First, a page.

The first breakthrough, though, came at the end of the decade, when Leonardo inscribed a new notebook with the words “On the 2nd day of April 1489”, later adding “Book entitled On the Human Figure”, and began a number of brilliantly observed studies of the human skull. 


After this impressive start, though, his anatomical investigations went into abeyance for a decade or so. As we see in the second gallery, he returned to the subject after 1503, when he was commissioned to create an enormous mural of the Battle of Anghiari in the Palazzo della Signoria in Florence. An enhanced understanding of anatomical structures probably helped him plan its intricate composition, which was never completed (it was subsequently painted over). Another breakthrough occurred in the winter of 1507-8, when he dissected a man who was more than 100 years old. 


In the final gallery, we see a set of often double-sided sheets filled with worked-up drawings of bones and muscles. These date from the winter of 1510-11, when Leonardo was close to finishing his book On the Human Figure that he had begun two decades earlier. 


By this stage, he was probably collaborating with the anatomy professor Marcantonio della Torre in the medical school of the university of Pavia, 20 miles south of Milan, which would have given him a ready source of cadavers for dissection. By the end of his life, he boasted that he had anatomised more than 30 corpses. 


Elsewhere in the final gallery, we see Leonardo’s famous drawings of a foetus (for the first time in his anatomical illustrations, he uses colour — red chalk — to delineate this cramped bundle of human potential), as well as his peerlessly accurate studies of ox hearts. In experiments and sketches from circa 1512-13, Leonardo examined the flow of blood through the aortic valve, gleaning insights that would not be observed again for 400 years. 


I cannot pretend for one second that I fathomed even a fraction of Leonardo’s scientific achievements — his analytical mind was far too advanced for an arts-fuddled brain like mine. That said, his complex yet lucid drawings, surrounded by precise left-handed notes written using his habitual right-to-left “mirror script”, are obviously close to perfection. 


From an aesthetic point of view, Leonardo’s draughtsmanship is breathtaking. In technical terms, the way he depicted the human body — mobilising cross-section and the engineering device of the “exploded view” — was far ahead of his time. 


Examining these manuscripts also affords an irresistible sense of proximity to a great mind. Every sheet jostles and teems with reflections, ideas and observations — the fossilised remains of someone’s synapses firing on all cylinders half a millennium ago.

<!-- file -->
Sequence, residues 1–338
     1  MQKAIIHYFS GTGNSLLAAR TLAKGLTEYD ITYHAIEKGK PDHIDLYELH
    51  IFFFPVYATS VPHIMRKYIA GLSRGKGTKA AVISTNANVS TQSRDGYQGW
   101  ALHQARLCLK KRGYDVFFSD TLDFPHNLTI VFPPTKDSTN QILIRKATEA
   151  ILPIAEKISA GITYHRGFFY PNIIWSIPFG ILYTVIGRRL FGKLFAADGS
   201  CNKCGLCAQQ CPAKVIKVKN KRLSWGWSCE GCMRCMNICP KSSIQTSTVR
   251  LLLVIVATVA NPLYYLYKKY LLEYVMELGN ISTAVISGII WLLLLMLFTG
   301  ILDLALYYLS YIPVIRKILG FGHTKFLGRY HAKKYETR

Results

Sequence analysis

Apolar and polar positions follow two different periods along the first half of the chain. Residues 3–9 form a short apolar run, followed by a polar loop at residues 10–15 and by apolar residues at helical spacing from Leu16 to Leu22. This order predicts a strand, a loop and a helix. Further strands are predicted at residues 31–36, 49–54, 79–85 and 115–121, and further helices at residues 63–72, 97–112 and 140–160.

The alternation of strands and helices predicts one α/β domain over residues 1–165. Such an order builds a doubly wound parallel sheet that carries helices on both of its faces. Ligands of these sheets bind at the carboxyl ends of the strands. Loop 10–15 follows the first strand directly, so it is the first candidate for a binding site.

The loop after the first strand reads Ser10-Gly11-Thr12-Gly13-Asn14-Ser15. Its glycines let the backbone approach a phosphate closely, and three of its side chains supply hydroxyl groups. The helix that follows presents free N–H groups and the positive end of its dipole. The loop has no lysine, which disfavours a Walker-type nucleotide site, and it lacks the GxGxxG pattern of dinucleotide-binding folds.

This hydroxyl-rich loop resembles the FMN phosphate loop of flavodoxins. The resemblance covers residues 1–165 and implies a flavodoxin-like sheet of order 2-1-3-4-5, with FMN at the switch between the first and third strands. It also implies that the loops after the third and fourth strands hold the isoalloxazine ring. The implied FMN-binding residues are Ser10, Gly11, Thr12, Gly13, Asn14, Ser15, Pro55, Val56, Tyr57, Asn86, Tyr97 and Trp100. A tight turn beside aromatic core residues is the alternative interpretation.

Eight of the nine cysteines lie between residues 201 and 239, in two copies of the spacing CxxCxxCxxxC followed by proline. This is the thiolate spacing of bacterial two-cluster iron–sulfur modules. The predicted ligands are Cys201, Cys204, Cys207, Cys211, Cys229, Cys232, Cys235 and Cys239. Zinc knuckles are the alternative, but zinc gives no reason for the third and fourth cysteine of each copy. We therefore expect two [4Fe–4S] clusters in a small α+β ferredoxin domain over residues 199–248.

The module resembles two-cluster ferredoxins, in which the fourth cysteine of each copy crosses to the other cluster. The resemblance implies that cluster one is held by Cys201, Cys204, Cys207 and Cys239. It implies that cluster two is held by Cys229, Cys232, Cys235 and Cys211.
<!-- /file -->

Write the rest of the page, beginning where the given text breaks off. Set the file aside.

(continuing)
Ever the disciple of experience, Leonardo refused to follow slavishly the flyblown teachings of the ancients. Instead, his restless, questing spirit demanded that he observe things for himself — which meant overcoming any aversion to cutting up cadavers, which in those days was a much sloppier and more disgusting business than it is today. In this respect, Leonardo offers a paradigm of the profound shift that occurred during the Renaissance, from a medieval mindset to a modern sensibility. 


There is something very poignant about this exhibition, too. Had he published the treatise on anatomy that he’d planned, Leonardo would be considered one of the great scientists of the Renaissance — if not all time. But because he never managed to do so, his anatomical drawings essentially disappeared from view for hundreds of years — which meant that they had little impact on scientists of a later age. 


What a curious thing: to dominate a field so thoroughly, and yet for the fruits of your research to wither into oblivion for almost four centuries, before blooming back to life. 





source 

.

Art dealer spends £2million proving obscure oil painting is lost Turner masterpiece

Rate this posting:
{[['', '']]}
{["Useless", "Boring", "Need more details", "Perfect"]}



.
When Frank Faryab bought an obscure oil painting for thousands of pounds in a private sale, it was just the start of his outlay on the work.


For the art and antiques dealer has since spent more than £2million and much of the past five years trying to convince others it was by JMW Turner, one of Britain's greatest painters.


The perseverance appears to have paid off - because three leading authorities on the artist work now agree it is a lost Turner masterpiece which could be worth about £4million.


Perseverance: Frank Faryab has spent more than £2million and much of the past five years trying to convince others this painting is by JMW Turner
Perseverance: Frank Faryab has spent more than £2million and much of the past five years trying to convince others this painting is by JMW Turner




Experts at the auction house Sotheby's will examine the painting in detail next month and may accept it for sale.
The highest price ever fetched by a Turner work is £29.7million.


Mr Faryab, who lives in Cirencester, Gloucestershire, was tipped off in 2007 that the painting might be by Turner, although it was sold as a minor work by another artist 'in the manner of Turner'.


Looking good: Mr Faryab has had the painting cleaned and reframed and has gathered scientific evidence, checking fingerprints and artistic tests to prove its provenance
Looking good: Mr Faryab has had the painting cleaned and reframed and has gathered scientific evidence, checking fingerprints and artistic tests to prove its provenance